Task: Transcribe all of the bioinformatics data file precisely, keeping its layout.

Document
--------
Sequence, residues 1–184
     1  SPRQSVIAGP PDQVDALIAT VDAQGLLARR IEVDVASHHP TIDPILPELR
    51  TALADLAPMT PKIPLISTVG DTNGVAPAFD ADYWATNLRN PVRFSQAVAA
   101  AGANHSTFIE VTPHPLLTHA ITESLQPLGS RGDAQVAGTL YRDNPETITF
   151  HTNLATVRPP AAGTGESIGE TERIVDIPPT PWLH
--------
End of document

Sequence, residues 1–184
     1  SPRQSVIAGP PDQVDALIAT VDAQGLLARR IEVDVASHHP TIDPILPELR
    51  TALADLAPMT PKIPLISTVG DTNGVAPAFD ADYWATNLRN PVRFSQAVAA
   101  AGANHSTFIE VTPHPLLTHA ITESLQPLGS RGDAQVAGTL YRDNPETITF
   151  HTNLATVRPP AAGTGESIGE TERIVDIPPT PWLH